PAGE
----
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Review

Reigns: Kings and Queens (Switch eShop) Review

by October 11, 2018

The power to rule the land as you see fit. An endless supply of all of the luxuries life could offer. A legion of followers ready to act upon your every command. Getting brutally murdered four years into your reign.

Life as a king or queen has its ups and downs.

Reigns: Kings and Queens has arrived on Nintendo Switch, bringing with it the original mobile title Reigns and the sequel Reigns: Her Majesty. The closest you’ll get to installing Tinder on your Switch, these two games see you live out the regal life of a king or queen, swiping left or right as you’re faced with an endless deluge of decisions while you attempt to keep everyone around you happy long enough to stave off the inevitable overthrow of your throne for a few more years,

You are presented with four meters representing the people, the army, the church and the treasury. The goal is to not allow any meter to get too high or too low, lest you suffer a beheading at the hands of a vengeful uprising from the neglected and downtrodden people, or be displaced by the church as they flex their power to establish their new order throughout the kingdom.

You’ll be dealt a series of cards, each containing a request or decision from one of the wide cast of characters that comprise the local populace. Do you accept the bishop’s request to build a new church? Do you save the treasury or the garrison when the castle catches fire? Each decision you make will impact one or more of these parties, with either a small or large impact occurring as a result of your royal decree. The difficulty lies in the fact that it’s not always abundantly clear as to whether a particular decision will have a positive or negative impact on these meters. It creates for some tense moments as you anxiously scrutinize each word in a sentence, knowing one wrong move could bring about your untimely demise.

Such is the nature of royal politics, where attempting to appease everyone is often a futile endeavour that can leave you stabbed in the back before being swiftly replaced by the next in line to the throne. You will also encounter decisions that give rise to more permanent effects. For example, you can start a slave trade to continually pad out your pockets at the cost of the ongoing loss of morale of your people, or you can establish a hospital that can prevent the eradication of the entire population in the event of a plague outbreak.

These events form part of the long-term goals of the game. At all times you will have three tasks to strive to achieve, ranging from meeting a particular new character to starting a crusade. These help to drive a loose overarching narrative that gradually introduces werewolves, vampires, dungeon crawling complete with duelling skeletons, and even a meeting with the devil. They provide just enough of an incentive to keep playing, and the dialogue remains witty and humorous throughout.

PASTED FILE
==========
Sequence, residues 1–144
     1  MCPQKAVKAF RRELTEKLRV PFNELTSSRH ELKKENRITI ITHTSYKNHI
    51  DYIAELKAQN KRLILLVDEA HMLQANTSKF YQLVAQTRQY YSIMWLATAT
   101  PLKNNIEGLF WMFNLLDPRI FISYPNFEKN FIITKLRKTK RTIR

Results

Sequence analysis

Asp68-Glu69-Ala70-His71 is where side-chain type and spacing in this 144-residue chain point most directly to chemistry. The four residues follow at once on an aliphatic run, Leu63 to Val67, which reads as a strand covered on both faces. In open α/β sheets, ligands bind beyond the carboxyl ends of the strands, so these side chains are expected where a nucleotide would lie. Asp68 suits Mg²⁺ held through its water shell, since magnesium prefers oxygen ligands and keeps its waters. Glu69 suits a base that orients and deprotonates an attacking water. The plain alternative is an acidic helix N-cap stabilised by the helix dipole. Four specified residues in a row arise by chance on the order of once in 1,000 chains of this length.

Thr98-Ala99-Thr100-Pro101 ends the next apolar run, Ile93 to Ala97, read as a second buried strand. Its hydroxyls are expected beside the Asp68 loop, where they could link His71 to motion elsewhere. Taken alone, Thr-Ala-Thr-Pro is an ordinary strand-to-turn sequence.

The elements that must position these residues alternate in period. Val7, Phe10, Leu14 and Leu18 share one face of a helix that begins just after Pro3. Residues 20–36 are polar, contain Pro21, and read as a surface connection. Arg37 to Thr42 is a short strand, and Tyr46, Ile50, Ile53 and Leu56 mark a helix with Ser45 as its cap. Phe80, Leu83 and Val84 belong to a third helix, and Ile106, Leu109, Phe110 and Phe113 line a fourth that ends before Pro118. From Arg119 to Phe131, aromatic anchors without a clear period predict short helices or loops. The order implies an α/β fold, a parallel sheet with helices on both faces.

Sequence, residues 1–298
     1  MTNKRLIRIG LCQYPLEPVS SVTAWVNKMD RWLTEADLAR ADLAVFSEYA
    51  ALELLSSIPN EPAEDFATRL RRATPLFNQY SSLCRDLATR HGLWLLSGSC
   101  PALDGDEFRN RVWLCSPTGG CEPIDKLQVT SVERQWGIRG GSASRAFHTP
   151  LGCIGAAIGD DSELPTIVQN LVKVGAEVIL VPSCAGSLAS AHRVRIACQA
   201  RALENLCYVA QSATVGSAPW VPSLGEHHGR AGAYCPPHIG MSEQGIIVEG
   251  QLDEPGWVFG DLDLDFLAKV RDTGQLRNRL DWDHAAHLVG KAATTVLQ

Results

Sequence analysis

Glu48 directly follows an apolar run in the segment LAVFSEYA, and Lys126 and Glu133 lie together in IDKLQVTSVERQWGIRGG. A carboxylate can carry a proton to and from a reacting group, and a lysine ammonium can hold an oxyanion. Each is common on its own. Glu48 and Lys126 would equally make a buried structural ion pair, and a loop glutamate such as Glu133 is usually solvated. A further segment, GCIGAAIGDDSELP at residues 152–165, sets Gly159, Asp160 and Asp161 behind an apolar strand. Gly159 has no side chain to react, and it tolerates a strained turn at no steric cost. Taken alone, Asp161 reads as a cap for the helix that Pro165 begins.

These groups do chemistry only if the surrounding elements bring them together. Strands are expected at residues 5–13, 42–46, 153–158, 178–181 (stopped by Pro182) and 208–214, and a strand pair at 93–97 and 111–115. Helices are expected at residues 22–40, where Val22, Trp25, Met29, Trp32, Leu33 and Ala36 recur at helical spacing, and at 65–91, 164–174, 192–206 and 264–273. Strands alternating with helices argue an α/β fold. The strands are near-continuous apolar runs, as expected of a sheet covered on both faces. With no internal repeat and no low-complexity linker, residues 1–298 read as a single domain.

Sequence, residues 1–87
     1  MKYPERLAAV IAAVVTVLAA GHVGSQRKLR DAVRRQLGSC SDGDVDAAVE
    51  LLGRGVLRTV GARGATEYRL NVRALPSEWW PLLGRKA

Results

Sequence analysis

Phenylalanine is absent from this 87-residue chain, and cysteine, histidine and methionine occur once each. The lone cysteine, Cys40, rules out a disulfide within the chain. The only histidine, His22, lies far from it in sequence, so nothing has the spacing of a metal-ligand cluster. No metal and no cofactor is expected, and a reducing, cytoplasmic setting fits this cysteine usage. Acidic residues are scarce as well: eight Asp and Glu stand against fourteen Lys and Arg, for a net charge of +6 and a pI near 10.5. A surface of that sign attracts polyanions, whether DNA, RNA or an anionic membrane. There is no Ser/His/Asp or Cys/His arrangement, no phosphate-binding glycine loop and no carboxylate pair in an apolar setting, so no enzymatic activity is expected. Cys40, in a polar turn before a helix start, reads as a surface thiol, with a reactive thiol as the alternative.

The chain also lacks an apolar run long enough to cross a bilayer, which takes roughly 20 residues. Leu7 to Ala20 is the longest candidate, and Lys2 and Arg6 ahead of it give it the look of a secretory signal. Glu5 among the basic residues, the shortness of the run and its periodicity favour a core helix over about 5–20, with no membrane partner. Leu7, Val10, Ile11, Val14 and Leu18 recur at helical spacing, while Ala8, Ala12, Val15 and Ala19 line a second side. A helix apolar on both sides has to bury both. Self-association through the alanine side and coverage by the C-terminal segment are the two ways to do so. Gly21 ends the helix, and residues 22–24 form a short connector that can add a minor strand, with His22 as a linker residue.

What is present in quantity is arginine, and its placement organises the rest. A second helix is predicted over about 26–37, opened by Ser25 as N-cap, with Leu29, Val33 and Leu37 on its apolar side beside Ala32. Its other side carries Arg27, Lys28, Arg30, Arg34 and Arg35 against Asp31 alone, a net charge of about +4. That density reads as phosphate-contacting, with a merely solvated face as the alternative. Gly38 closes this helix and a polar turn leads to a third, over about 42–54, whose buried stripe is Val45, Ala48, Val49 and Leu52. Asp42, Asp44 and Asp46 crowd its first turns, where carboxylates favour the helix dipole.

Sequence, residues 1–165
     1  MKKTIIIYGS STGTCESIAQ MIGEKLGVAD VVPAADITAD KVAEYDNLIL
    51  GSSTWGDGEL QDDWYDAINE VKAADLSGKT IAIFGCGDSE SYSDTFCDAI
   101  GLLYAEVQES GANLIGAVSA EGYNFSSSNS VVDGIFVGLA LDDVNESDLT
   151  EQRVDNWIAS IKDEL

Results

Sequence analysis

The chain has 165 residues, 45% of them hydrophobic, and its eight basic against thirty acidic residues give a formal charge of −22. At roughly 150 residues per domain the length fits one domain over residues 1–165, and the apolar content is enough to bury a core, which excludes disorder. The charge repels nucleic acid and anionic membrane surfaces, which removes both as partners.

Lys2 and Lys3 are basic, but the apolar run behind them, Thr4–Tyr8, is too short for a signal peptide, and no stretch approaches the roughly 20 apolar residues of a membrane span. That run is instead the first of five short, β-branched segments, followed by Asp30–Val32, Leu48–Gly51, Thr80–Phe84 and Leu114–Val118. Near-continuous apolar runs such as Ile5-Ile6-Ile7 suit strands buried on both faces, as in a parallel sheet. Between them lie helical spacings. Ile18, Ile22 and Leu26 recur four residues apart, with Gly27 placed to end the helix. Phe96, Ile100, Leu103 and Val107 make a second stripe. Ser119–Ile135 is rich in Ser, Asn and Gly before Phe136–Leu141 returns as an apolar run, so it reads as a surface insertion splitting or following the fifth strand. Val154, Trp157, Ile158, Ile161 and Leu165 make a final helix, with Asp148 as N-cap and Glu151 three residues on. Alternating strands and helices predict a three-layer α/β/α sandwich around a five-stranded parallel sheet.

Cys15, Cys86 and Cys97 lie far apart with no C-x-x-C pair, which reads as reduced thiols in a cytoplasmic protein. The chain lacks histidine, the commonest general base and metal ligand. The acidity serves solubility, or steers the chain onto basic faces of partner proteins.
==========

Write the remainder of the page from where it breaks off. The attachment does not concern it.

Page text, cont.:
With that said, it’s difficult to deny that eventually the act of simply swiping back and forwards can start to become somewhat repetitive. Seeing the same cards over and over can assist in living longer as you learn to predict the impact of your decisions, but the tedium begins to creep in after a few hours of doing the same simple actions.

Her Majesty which allows you to be the queen fairs slightly better in this regard, with more cards and characters to see, an inventory system which allows you to earn items which you can use to your advantage in certain situations along the way, and more interesting deviations in the story from earlier on in the experience. It’s undeniably the stronger game of the two, and after cutting your teeth on the original for a little while I’d recommend spending the bulk of your time here.

The concept at the heart of Reigns: Kings and Queens is original and intriguing, and there is undeniably enjoyment to be found as you attempt to maintain the stability of your monarchy for as long as possible. The writing is clever and funny, and the tension involved in making decisions as meters teeter perilously close to the edge of their limits makes for some genuinely exciting moments, but unfortunately, the game’s repetitive nature eventually causes the charm to wear thin.


In short bursts, Reigns: Kings and Queens can be an entertaining way to fill those small gaps in your day if this blend of politics and relationship drama sounds up your alley, but over longer play sessions the repetitive gameplay and scenarios may struggle to continue to hold your attention.

Rating: 3/5

The Good

+ Clever and original concept
+ Witty dialogue
+ Tense decision making

The Bad

- Repetitive gameplay

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Final Thoughts

In short bursts, Reigns: Kings and Queens can be an entertaining way to fill those small gaps in your day if this blend of politics and relationship drama sounds up your alley, but over longer play sessions the repetitive gameplay and scenarios may struggle to continue to hold your attention.

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Andrew Searles

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